Separating your diagrams and labeling them clearly is helpful for two reasons. First, it prevents you from accidentally applying information from one question to another question where it doesn’t belong. Second, it allows you keep track of deductions you’ve made in previous questions, and then use those deductions to answer later questions more quickly.
Know your formal logic
Here’s another Logic Games basic fact: Formal logic appears in most Logic Games, most often in the form of if/then, only if, if and only if, or unless statements. Knowing the nuanced differences between these types of statements will help you interpret rules and draw diagrams more accurately. In fact, familiarity with these formal logic statements is probably the single most valuable tool to bring to the LSAT Logic Games section.
The Magoosh LSAT blog has a handful of posts on the formal logic terms that appear most frequently on the test. That’s a great place to start learning the basics.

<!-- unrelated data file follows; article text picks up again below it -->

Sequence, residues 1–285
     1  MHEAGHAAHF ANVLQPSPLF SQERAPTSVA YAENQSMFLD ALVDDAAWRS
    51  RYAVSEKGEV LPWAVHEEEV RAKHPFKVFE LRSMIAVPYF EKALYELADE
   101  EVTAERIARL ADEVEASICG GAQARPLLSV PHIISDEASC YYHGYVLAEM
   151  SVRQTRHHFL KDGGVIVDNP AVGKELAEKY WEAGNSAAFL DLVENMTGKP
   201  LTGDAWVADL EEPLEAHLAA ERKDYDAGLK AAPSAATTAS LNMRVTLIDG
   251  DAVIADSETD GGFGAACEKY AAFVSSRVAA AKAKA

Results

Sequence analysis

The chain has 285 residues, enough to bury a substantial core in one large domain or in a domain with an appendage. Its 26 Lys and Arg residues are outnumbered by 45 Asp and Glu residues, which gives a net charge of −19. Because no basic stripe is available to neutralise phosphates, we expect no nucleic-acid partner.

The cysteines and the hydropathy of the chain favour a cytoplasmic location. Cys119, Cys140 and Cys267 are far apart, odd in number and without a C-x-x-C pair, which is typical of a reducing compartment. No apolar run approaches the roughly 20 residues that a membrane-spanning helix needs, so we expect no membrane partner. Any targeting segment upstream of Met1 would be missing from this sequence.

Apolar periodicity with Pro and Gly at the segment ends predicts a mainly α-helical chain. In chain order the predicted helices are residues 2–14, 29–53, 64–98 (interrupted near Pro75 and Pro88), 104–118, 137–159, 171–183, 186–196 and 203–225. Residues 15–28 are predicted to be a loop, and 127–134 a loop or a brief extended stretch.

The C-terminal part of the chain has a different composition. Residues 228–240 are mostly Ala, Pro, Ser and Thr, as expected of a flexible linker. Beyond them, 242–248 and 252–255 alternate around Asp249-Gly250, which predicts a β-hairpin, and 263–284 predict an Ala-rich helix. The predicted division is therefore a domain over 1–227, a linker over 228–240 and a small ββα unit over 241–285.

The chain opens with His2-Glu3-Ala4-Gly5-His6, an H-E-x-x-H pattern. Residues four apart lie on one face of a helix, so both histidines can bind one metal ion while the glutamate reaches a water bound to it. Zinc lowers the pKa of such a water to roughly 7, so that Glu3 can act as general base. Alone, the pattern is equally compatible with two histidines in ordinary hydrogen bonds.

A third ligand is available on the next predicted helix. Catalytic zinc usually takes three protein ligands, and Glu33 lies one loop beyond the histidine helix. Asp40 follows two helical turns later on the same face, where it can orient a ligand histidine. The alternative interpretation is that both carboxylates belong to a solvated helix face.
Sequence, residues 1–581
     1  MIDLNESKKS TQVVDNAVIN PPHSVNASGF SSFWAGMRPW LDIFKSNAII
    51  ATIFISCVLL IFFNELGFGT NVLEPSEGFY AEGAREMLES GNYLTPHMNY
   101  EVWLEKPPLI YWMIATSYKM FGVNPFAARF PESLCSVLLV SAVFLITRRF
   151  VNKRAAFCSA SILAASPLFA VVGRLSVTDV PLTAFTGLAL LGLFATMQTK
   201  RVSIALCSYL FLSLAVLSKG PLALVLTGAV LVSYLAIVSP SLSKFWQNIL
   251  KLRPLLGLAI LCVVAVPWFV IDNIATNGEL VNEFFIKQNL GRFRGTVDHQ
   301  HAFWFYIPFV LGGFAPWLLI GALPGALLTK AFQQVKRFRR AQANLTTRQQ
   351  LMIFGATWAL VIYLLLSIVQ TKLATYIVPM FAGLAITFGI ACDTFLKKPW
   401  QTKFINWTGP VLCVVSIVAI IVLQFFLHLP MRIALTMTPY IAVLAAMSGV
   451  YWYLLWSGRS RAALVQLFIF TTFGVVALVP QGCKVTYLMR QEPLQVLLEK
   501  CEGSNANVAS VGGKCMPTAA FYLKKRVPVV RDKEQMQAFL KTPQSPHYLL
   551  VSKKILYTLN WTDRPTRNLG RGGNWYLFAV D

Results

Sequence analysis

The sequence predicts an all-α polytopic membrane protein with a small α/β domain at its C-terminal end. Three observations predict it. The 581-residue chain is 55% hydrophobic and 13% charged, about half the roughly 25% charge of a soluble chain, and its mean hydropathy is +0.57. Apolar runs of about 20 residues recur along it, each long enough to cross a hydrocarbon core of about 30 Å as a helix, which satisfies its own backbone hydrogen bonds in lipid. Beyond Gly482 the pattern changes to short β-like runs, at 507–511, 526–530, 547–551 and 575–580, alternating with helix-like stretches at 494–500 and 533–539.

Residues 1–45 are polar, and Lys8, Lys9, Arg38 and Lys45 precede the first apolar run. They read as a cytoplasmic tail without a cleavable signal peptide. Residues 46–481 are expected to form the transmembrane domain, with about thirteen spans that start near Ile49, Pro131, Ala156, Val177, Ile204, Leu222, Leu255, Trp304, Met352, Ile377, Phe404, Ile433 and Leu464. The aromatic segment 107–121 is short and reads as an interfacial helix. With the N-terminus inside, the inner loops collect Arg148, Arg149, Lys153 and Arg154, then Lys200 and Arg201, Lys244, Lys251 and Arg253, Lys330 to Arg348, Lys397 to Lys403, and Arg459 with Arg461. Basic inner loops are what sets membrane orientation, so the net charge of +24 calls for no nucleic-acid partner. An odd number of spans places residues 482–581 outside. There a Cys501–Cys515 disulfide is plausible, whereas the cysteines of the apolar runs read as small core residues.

Draw out limited options
If you ever notice that a particular rule, combination of rules, or piece of information introduced in a question restricts the number of possible solutions to only 2 or 3, draw each one out completely. For example, if your task is to arrange guests around a table, and a rule tells you that Bob must sit next to Francine, that leaves only two possibilities. In the first, Bob sits immediately to the left of Francine. In the second, Bob sits immediately to the right of Francine. Rather than trying to remember that, or making a note of it somewhere, just draw two tables and place Bob and Francine at each according to the two possibilities.
Once you’ve drawn out these limited options, make sure to incorporate all the other rules into each option. Oftentimes, you’ll find that you now have enough information to fill in most–if not all–of at least one of your options. That can make answering questions related to that possibility very, very easy.